What Kind of God Do You Worship?

I heard this story on NPR this morning about a dozen Catholic women in the US who claim to have been ordained as priests. I am not Catholic, and so it would seem that I have no vested interest in this story. However, this story brings up a question that I have had with a number of movements within a variety of religions in recent history (for example – the schism among the Anglicans over whether to bless gay marriages or ordain openly gay priests). When I hear about these debates among the clergy and the actions of those who proceed to do something that has not been sanctioned – in this case, ordaining women to be priests – I begin to wonder what kind of a God they worship.

In many churches, where decisions of policy are made by a vote, I can understand (to some degree) why people would approach these changes the same way we approach social changes in a democratic society. Ordain a few women priests (or whatever your cause is) to show that the change is not going to make the organization fall apart as a result. In more authoritarian organizations, like the Catholic church, it seems ludicrous to do so. These organizations preach that the doctrines are not made by man and thus cannot be changed by the will of men. Following that doctrinal reasoning, a change must not take place without the direction and sanction of God (however that is perceived to happen within any particular organization). There may be some value in debating an idea, but to take action without sanction in an organization with those beliefs makes no sense. This is what leads me to my question.

If you believe what the Catholic church teaches about being directed by God and about Papal Infallibility then you could not, in good conscience, defy the laws of the Catholic church. If you do not believe those things then you should ask yourself – why do I remain a Catholic?

As far as I can figure, the people who do these things must believe one (or both) of two things.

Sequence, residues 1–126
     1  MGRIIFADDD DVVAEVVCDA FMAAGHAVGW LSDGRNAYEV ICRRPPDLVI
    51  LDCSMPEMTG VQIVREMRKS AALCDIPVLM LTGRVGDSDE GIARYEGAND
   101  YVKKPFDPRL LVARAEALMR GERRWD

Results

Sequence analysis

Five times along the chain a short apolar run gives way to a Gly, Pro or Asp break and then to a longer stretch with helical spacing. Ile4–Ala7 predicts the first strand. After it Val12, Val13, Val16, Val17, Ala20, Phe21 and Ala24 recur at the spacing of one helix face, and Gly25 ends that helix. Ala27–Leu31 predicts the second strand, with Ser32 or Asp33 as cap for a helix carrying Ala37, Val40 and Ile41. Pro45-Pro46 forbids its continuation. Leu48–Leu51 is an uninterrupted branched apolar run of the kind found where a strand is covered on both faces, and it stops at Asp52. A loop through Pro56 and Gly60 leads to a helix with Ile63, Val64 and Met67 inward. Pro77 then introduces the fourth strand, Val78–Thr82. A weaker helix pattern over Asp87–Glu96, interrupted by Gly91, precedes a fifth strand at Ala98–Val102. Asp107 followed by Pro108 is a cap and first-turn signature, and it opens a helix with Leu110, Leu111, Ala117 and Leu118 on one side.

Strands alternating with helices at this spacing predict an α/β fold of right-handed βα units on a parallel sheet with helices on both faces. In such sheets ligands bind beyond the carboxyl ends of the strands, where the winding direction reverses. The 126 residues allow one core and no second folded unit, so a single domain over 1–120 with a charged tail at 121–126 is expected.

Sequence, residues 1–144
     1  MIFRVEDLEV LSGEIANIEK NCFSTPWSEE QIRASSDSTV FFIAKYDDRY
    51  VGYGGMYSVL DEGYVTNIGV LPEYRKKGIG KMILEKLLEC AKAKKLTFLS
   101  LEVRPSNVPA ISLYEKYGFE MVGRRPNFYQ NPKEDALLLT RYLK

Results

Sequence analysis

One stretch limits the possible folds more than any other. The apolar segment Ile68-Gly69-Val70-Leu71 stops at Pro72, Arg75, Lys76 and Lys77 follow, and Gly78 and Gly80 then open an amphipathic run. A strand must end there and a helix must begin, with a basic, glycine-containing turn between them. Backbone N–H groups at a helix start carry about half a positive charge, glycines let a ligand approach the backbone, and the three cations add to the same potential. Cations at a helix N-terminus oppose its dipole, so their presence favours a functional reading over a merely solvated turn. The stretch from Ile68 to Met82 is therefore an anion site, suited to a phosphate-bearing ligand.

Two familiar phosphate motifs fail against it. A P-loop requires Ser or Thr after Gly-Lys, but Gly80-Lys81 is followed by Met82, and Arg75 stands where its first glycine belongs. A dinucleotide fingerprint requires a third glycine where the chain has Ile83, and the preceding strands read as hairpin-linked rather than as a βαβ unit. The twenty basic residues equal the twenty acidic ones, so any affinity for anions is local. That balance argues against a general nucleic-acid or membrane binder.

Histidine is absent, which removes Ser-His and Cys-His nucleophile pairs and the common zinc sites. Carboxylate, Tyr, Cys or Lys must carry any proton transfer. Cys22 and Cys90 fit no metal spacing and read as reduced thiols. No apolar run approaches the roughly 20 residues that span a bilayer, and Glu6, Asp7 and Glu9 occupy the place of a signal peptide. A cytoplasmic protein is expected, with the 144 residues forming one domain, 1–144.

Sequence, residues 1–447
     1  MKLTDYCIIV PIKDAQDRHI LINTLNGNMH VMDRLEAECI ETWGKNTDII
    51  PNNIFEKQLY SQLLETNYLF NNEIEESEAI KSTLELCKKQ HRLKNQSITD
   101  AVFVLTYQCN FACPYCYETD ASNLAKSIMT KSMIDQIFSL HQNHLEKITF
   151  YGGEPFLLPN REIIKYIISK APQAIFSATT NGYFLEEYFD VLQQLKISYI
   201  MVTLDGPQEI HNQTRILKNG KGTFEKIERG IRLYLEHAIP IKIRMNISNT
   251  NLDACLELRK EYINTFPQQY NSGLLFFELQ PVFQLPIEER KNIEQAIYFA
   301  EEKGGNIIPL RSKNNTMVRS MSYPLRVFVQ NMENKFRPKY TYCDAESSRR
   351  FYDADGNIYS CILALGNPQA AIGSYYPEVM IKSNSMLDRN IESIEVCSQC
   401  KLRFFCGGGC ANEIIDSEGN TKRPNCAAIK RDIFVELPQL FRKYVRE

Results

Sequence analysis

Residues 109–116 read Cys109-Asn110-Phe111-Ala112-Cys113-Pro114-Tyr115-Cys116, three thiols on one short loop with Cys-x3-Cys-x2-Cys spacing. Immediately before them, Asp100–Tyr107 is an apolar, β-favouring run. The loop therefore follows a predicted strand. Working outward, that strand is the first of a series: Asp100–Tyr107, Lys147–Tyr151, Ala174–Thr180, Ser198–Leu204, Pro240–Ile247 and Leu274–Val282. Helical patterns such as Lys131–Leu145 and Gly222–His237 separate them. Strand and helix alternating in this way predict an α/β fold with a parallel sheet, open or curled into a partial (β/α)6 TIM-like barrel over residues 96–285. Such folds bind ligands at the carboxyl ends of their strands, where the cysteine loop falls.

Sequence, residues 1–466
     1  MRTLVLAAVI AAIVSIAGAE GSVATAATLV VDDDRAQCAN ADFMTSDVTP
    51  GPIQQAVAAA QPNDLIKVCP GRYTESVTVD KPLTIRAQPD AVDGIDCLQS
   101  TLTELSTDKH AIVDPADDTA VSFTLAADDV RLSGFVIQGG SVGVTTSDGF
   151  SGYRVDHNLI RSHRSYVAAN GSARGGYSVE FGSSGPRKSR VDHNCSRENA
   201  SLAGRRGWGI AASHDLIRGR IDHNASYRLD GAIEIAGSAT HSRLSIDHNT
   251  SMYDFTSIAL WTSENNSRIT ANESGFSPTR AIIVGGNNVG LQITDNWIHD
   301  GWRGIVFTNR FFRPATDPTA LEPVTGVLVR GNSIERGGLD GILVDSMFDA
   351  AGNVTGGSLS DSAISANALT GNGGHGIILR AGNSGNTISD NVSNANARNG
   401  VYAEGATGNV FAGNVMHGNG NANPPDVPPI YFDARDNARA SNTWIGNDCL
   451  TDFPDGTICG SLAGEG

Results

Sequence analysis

First, they may believe that the church is a social institution. This would imply that it is organized and run by people who are fallible and that those people make their policies according to their best understanding of what God desires. If this is the case, it would make sense to call to their attention those cases where they have interpreted the will of God erroneously. The question becomes, who is the final judge of which interpretation is correct (yours or the church leaders’).

Second, they may believe in a God who is fallible. This reduces their deity to an extremely powerful man, or possibly some other extra-terrestrial being. In saying this I do not wish to mock anybody’s beliefs on the subject. I am merely outlining where my logic takes me as I try to explain their actions.

If someone believes in an all-powerful, all-knowing God and also believes that their church is directed by that God, then it makes no sense to knowingly disregard the edicts of that church. To do so suggests the desire to say “I have a better understanding/interpretation of what is good than an all-knowing, all-powerful Deity.” Does anyone really want to say that?

About David

David is the father of 8 extremely organized children (4 girls / 4 boys) who is constantly seeking answers to tough questions related to parenting, education and politics while moonlighting for 40 hours each week as a technology professional. He also enjoys cooking, gardening, and sports.
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